The MedTech Evolution

Dr Lena Jaspersen
Lena is a University Academic Fellow in the Business School’s Management Division. With a multidisciplinary background in international sociology and organisation studies, Lena’s overarching research interests are processes of technology innovation. Lena’s article was written with Dr Sanaz Sigaroudi.

From bandages to pacemakers, and health apps to artificial hip implants, medical devices are important to our health and we expect them to reflect scientific progress. In 2017, 364 medical technology (medtech) patent applications were filed with the European Patent Office – more than in any other sector. What constitutes a medical device is changing as advances in sensor technology and artificial intelligence enable ever more data-driven products and services. Moreover, many medical device products have lifecycles of only one to two years before improved products enter the market. This constant flow of innovation makes the regulation and management of medical technology innovation particularly difficult. 

Despite the difficulty, the need for governance has become all too apparent in recent years following catastrophic failings in some areas of medtech. According to a recent investigation (Implant Files) more than a million patients have been harmed by medical devices. In the past three years, 62,000 “adverse incident” reports have been submitted to UK regulators. About a thousand of these incidents resulted in the death of a patient. Previous scandals had revealed the use of unauthorised silicone filler in breast implants causing double the rupture rate. About 300,000 women in 65 countries are believed to have received these PIP implants. More recently, more than 800 UK women have begun legal proceedings against the NHS and the makers of vaginal mesh implants, used to treat pelvic organ complications, after suffering distressing side effects. These cases are driving regulatory change both in the EU and overseas.

The need for governance has become all too apparent in recent years following catastrophic failings in some areas of medtech

Adopted in 2017, European regulation on medical devices (MDR) sets out clearer obligations for technology providers and puts greater emphasis on traceability of devices. Post-market surveillance (PMS) systems, meaning the practice of monitoring pharmaceutical drugs or medical devices after their release onto the market, facilitate the identification of potential hazards. The usefulness of such databases by and large depends on an adequate identification and registration of medical device products. As technological change accelerates, determining what a device actually is and how it should be regulated has become more and more challenging. Regulators require a clear understanding of what products they are dealing with in order to determine how best to evaluate their safety and effectiveness.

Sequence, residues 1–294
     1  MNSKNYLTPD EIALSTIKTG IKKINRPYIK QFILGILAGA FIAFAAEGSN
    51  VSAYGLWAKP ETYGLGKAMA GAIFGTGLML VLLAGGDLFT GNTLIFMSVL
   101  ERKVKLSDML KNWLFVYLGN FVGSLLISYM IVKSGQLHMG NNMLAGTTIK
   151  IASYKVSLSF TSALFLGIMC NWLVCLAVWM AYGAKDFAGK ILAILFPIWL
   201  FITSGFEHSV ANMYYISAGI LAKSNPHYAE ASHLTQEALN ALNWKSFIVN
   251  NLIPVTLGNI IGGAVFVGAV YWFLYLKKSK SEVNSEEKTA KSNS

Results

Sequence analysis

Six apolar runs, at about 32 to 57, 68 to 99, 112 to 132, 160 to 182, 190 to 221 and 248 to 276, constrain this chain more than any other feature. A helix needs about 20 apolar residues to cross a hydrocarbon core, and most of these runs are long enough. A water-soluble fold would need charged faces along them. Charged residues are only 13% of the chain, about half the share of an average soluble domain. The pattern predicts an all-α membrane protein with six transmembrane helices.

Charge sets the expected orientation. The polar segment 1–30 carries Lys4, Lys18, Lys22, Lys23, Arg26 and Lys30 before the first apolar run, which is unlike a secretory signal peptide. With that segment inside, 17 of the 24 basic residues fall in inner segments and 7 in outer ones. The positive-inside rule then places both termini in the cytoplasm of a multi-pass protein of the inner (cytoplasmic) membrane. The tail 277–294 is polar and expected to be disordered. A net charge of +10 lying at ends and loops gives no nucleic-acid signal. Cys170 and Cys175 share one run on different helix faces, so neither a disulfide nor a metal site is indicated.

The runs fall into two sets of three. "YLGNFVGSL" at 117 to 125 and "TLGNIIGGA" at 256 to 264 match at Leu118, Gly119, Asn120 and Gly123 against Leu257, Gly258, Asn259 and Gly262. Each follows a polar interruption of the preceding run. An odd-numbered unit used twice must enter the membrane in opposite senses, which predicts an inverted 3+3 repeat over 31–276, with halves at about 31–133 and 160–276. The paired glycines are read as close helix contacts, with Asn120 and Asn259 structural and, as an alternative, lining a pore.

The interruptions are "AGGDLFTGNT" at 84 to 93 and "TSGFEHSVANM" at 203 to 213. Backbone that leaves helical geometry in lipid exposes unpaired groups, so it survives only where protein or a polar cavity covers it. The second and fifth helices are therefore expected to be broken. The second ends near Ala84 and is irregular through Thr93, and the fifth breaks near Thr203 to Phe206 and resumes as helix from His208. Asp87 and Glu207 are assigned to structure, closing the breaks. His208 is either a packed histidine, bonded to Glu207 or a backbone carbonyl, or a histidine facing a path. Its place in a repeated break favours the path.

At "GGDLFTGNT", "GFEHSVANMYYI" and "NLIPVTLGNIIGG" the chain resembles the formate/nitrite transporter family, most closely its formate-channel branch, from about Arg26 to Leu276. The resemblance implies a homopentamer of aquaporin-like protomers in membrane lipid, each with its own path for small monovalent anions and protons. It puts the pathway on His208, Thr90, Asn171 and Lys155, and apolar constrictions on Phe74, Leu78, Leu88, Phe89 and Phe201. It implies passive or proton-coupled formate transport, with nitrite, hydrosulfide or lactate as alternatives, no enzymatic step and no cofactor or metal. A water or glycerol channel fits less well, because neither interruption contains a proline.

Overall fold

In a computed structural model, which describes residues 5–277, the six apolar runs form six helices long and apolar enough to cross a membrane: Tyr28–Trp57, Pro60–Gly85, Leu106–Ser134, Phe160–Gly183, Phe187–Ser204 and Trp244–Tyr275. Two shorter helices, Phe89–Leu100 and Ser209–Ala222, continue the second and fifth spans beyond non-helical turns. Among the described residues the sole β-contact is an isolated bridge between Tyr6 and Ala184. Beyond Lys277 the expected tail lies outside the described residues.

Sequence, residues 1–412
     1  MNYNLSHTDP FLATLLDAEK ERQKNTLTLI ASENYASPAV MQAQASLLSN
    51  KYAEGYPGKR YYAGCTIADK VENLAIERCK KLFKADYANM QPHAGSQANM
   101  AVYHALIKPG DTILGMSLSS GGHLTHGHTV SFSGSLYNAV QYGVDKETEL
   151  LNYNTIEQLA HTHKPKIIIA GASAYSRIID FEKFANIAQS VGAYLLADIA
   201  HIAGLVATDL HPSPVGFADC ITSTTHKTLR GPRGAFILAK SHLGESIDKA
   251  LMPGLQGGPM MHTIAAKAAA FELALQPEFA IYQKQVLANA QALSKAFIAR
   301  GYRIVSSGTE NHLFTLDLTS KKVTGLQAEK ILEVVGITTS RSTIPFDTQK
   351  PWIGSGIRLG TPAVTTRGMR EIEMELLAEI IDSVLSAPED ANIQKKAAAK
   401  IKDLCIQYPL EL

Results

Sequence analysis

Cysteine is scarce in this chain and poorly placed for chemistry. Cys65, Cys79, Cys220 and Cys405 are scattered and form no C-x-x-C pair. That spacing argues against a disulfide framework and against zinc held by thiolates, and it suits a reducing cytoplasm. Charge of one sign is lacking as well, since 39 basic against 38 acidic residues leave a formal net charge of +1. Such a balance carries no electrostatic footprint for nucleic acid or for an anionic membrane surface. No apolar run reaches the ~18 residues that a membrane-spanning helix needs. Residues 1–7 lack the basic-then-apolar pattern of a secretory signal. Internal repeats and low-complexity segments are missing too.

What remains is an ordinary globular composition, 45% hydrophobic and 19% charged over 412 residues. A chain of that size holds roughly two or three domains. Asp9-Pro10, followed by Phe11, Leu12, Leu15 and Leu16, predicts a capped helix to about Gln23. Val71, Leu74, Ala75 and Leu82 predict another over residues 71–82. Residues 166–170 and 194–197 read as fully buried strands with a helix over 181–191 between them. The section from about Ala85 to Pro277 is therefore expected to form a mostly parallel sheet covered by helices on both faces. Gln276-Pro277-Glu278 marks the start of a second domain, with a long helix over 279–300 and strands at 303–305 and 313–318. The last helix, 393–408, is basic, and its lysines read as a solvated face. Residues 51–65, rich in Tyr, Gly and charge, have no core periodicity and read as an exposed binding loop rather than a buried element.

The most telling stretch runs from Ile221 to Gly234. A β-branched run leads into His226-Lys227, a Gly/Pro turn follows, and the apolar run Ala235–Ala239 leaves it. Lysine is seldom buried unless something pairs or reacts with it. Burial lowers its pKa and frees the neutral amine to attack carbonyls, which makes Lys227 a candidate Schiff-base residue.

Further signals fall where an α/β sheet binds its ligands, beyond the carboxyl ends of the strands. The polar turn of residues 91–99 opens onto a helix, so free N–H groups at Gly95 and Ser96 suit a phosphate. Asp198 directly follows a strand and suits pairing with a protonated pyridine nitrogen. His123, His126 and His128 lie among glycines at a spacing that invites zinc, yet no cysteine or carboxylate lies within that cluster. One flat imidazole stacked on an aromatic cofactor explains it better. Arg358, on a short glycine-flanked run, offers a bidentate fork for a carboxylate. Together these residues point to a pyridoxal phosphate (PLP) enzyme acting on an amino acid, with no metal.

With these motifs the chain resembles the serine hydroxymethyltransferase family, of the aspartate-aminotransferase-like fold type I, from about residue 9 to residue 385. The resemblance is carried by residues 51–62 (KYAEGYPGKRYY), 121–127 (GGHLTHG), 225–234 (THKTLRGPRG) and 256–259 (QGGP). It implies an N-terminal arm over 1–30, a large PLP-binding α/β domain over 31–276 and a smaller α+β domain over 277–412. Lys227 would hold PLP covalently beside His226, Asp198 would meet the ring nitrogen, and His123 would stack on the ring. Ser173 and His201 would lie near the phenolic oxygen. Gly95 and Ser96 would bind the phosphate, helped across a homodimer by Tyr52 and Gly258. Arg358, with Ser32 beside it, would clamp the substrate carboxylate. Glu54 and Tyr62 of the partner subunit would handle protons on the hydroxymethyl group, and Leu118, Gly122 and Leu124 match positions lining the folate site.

Since the beginning of 2017, my research group in the Centre for Technology Innovation and Engagement (C-TIE) has been working on the development of research projects in the field of medical technology innovation and regulation. We want to understand innovation dynamics in the medtech industry. This industry is witnessing a digital revolution but also growing tensions induced by changing business models and increased cost pressures. Successful medtech innovation requires technology providers to become responsive to the needs of healthcare practitioners and their patients, as well as the strategic priorities of public health executives, policymakers
and regulators.

Mobile showing a health app

We are currently collaborating with the Global Medical Device Nomenclature (GMDN) Agency. The GMDN Agency is a not-for-profit organisation that provides a dynamic categorisation system used for data exchange among authorities and healthcare providers at a global scale, and its accuracy has important safety implications for patients all over the world. Given the speed of technology innovation, and the diversity and complexity of medical devices, the GMDN Agency faces an enormous task in developing the nomenclature in a timely and systematic manner whilst responding to competing demands from industry and regulators.

Regulators, manufacturers and healthcare providers all rely on the GMDN as a global language of medical devices. However these different stakeholders have different requirements regarding the level of detail in categorisation such as the importance of size, quantity or packaging or the intervals in which they update their systems. The creation of a new category or term can have technical, as well as political and economic implications.

We aim to co-produce a framework for the evaluation of the GMDN’s categorisation procedures, and corresponding tools for the assessment of device categorisation. This is the advent of ‘Big Data’ in medical device regulation. By researching how responsible innovation in medtech can be managed – both within firms as well as in partnerships and alliances – we hope to make useful contributions to better understand the management of innovation processes in complex innovation ecosystems. And in the context of medtech, this means going some way towards minimising risk to patient safety.

 

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